By Tim Starks
The House is about to take up its annual bill for Defense spending. It’s a $491 billion measure, $570 billion if you count the war-related spending account, so there’s a lot of money to be scrutinized.
Some of the bill’s provisions take aim at withholding funds; some of the bill’s provisions increase funds for programs the Pentagon doesn’t want; and some provisions will be targeted for new cuts or increases when the bill comes to the floor.
The Taxpayers for Common Sense recently did an analysis of the committee report that accompanied the bill, and found it lacking.
“While there were a few things to cheer about in the Committee report, from the taxpayers’ perspective, we believe the House Appropriations Committee missed many opportunities to make some smart decisions, as well as some hard choices, about Pentagon spending,” according to TCS. “Because in a bill making up to $570 billion available to the Pentagon, there is plenty of room to trim wasteful spending. Let’s roll up our sleeves and get to it.”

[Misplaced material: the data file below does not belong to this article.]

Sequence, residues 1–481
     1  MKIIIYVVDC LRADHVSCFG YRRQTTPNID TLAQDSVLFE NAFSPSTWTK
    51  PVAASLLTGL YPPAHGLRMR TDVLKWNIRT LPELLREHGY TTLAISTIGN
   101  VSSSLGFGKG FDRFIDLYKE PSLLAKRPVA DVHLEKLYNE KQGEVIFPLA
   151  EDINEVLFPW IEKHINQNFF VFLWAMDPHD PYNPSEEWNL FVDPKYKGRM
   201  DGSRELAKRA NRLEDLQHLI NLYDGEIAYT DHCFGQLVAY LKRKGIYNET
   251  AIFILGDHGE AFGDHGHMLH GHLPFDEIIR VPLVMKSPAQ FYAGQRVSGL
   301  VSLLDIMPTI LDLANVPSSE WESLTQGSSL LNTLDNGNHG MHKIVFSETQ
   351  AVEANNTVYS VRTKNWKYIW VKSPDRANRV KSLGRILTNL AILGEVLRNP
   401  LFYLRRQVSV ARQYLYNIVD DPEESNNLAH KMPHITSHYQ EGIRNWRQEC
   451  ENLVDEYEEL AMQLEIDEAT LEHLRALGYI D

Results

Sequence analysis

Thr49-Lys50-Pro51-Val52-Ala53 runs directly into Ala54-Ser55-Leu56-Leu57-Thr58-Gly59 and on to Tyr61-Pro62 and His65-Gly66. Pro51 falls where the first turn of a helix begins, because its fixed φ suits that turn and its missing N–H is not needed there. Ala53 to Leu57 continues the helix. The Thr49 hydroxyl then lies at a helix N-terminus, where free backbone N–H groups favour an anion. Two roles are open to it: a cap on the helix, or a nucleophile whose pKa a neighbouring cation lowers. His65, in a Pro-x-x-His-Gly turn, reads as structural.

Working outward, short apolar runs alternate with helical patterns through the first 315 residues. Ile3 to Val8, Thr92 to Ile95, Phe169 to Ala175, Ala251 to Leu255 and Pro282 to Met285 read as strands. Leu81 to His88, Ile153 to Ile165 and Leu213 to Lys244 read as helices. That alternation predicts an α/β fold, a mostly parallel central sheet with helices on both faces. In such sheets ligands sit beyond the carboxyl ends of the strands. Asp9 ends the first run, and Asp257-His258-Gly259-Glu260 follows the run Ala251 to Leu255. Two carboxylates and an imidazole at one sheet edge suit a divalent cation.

One of the things TCS somewhat liked about the bill (under the circumstances specified) is its exclusion of funds for the A-10 Warthog plane, but that fight is sure to reemerge as an amendment this week. And the Senate version of the spending bill might restore the money, too, with both the House and Senate versions of the annual defense policy bill having already backed some A-10 funding.
The Los Angeles Times took aim at the $40 billion Ground-based Midcourse defense system in a lengthy and scathing article Sunday about the system’s failings. That puts the system in the spotlight at the exact moment when Congress would be in position to vote on its funding, but it’s more likely that the Senate Appropriations Subcommittee on Defense, led by missile defense skeptic Richard Durbin, D-Ill., would have a stronger chance of acting on something on this front.
Last week, too, allegations of Afghanistan waste came to the fore.
The Pentagon is doing its own work to reduce wasteful spending: Late last week, the department unveiled a new study aimed at waste in contracting.